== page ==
Left-bias and non-structural equality.

Adrian Hey ahey at iee.org
Mon Jan 2 18:43:20 EST 2006

On Monday 02 Jan 2006 7:29 pm, Jean-Philippe Bernardy wrote:
> Non structural equality seemed not to have many proponents the last
> time I discussed it. (See
> http://www.haskell.org//pipermail/libraries/2004-March/001833.html and
> following messages)
> Yet, since haskell doesn't rule it out, I guess we have to provide a
> consitent behaviour, if only to minimize the user's suprise.

Well I think on the whole I agree with the views expressed by Cale (and
Robert Will on the above mentioned thread). Insisting on structural
equality seems too restrictive. If we insist on this then presumably
Sets can't (sensibly) be instances of Eq or Ord, so we couldn't have
Sets of Sets. (Hmm.. Sets of Sets.. seems like tries would be the way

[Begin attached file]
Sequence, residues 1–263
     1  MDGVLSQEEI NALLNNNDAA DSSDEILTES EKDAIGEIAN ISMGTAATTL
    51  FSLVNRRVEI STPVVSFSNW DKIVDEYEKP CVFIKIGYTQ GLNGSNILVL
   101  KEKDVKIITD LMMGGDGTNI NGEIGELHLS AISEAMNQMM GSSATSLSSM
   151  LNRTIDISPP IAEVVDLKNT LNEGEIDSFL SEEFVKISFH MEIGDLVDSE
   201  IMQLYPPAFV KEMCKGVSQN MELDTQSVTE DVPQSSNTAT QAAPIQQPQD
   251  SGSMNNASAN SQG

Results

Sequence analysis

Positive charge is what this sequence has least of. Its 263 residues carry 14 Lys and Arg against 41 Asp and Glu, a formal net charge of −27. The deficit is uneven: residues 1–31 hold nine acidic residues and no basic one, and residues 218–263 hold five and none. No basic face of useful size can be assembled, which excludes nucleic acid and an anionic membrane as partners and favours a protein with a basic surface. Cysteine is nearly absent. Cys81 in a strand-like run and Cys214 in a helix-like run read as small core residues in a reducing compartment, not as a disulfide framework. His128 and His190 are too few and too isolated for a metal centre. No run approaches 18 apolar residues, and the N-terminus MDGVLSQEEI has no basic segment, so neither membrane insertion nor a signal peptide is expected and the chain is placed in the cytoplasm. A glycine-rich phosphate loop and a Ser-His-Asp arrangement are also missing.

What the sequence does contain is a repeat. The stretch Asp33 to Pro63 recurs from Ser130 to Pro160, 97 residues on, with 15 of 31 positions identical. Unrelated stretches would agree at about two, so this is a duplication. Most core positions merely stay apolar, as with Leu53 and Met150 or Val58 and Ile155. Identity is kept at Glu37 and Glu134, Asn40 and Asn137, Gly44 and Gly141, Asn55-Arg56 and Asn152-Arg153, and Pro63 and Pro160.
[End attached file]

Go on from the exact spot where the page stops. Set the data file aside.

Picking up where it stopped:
to go here. I guess we do probably do need ListSet and ListMap..)

Anyway, the problem is we have one hole and two "equal" things, only
one of which can fit in the hole. Is there any reason why we can't
simply adopt the position that which one is chosen is unspecified and
the choice is entirely at the implementors discretion?

If this results in ambiguous programs then this is because the
corresponding instance of Ord (and presumably Eq too) is just broken,
and this is what needs to be fixed (or removed). If users can't define
sane instances of Eq and Ord for their types then they'll just have to
use the lower level APIs (eg. Data.Tree.AVL) and pass whatever is the
appropriate combining comparison as an explicit argument.

Adrian Hey

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